As a member of the Clinton Township Volunteer Fire Company, I help out on the 9/11 Ride each year, doing whatever needs to be done. The ride actually begins at 6:00 p.m., but our volunteer members are there as early as 7:00 a.m. to set up the barricades, prepare for the vendors, etc. The riders start lining up as early as 8:00 a.m. and will continue to come throughout the day until the sound announces — “Let’s roll!”
The riders come in every size and shape, male and female, young and old, some wearing leather jackets, often covered in patches displaying their particular cause or organization. Just like their attire, it seems that every single one of their bikes are unique. Everyone likes to doll their ride up in one way or another to make it stand out in some way. But despite all the variety and differences in the riders and their bikes, there is one thing that is truly a common denominator, and that is the American flag.
Most have a single flag in the back; others will have two, and sometimes, the backseat person will have the flag in their hand. Most of these flags are modest in size, but there are always a few that have very large flags strapped on their cycle.
There is a reason for this — as much as anything, our national flag is the most important symbol of our country. Even before there was a United States, there was an American flag. On June 14, 1777, the Continental Congress passed the first Flag Act that stated: “Resolved, that the flag of the United States be made of thirteen stripes, alternate red and white; that the union be thirteen stars, white in a blue field, representing a new Constellation.”
Those colors were not chosen at random, either. Our Founding Fathers wanted to use it to inspire those who were, at that moment, fighting to become a free nation. Red symbolizes hardiness and valor, white symbolizes purity and innocence, and blue represents vigilance, perseverance, and justice.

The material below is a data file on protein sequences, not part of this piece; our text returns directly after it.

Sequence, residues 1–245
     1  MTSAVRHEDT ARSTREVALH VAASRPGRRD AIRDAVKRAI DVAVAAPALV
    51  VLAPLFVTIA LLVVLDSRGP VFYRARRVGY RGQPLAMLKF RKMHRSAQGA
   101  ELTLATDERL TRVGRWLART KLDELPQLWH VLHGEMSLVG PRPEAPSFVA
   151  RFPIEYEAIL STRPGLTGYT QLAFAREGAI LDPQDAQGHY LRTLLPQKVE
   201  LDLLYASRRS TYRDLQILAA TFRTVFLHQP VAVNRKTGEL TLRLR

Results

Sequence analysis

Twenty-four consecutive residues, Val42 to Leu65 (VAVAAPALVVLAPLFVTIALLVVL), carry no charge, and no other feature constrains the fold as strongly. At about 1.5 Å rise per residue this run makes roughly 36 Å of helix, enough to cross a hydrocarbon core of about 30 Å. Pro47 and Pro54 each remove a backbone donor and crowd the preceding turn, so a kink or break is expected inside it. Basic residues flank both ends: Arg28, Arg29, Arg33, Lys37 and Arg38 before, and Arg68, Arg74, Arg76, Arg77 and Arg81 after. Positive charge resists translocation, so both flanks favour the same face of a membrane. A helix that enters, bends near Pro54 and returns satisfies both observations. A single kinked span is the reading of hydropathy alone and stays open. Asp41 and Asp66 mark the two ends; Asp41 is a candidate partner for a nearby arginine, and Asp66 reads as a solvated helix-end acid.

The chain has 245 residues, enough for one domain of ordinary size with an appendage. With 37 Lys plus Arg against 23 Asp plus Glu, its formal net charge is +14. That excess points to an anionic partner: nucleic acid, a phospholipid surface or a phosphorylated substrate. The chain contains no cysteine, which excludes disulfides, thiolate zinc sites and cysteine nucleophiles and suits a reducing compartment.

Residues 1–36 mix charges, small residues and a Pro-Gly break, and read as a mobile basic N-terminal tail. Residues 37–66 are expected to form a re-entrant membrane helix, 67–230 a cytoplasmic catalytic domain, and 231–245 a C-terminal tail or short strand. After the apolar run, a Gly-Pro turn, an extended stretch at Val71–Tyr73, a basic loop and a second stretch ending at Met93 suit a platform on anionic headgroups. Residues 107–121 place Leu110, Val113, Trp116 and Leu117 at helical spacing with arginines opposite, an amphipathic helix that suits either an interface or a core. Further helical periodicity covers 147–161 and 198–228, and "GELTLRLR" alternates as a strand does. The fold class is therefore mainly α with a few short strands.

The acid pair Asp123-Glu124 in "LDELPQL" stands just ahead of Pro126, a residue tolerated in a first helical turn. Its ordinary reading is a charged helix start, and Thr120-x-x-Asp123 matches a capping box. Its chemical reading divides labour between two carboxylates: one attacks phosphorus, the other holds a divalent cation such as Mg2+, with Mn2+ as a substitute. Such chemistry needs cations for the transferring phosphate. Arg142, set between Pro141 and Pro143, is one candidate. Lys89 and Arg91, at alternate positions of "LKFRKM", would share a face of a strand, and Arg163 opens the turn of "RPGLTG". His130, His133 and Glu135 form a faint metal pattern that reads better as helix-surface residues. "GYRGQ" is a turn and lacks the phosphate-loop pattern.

We have not always been as united as we should be as a nation, yet the flag seems to be one thing we can always rally around. There are several vivid images of this. The raising of the flag on Iwo Jima is arguably one of the most iconic photographs of all time, showing six United States Marines raising the U.S. flag atop Mount Suribachi during the Battle of Iwo Jima in February of 1945. It gave the American people tremendous hope because this was the first soil that was actually considered Japan. It symbolized the beginning of the end of a very long and painful struggle.
When our men went to the moon in July of 1969, they took the American flag along with them. The picture of Buzz Aldrin saluting the flag that is waving in front of him captures the essence and pride of one of America’s greatest scientific achievements. Five additional Apollo missions, 12, 14, 15, 16, and 17, ended with an astronaut placing a flag on the moon.
And on that fateful day of September 11, 2001, three New York City firefighters raised a flag above the World Trade Center rubble. That flag disappeared shortly afterward and was missing for years. It has since been found and donated to the 9/11 Memorial Museum and has become a powerful symbol of patriotism, survival, and resilience.
Yet, let us never underestimate our present government officials’ ability to muck up the works, even when it comes to something as basic as displaying our flag. In February of this year, a two-star general set down the edict that military personnel in uniform cannot hold a large, horizontal flag during events. Why? Because according to Title 4 of the United States Code, the flag should never touch the ground or be carried flat or horizontally. And this also applies to parachutists from the military who majestically fly the flag as they land it on the field.
Our country is suffering through a tremendously serious deficiency in military recruitment. Yet, a general that obviously has too little to do decides that rather than show patriotism at major sports events with members of the military proudly holding a giant flag on a playing field or dramatically flying in on a parachute, the practice must be abolished because of the “Code.”
In the Stars and Stripes, one person came up with a solution, “If we’re following flag code for the reasoning of this stupidity, the objects used for these events aren’t technically flags; they’re banners.” Appreciate the effort, commenter, but it won’t work. It’s not a banner, or pendant, or placard, or streamer. It is and always will be the Flag of the United States of America; long may she wave.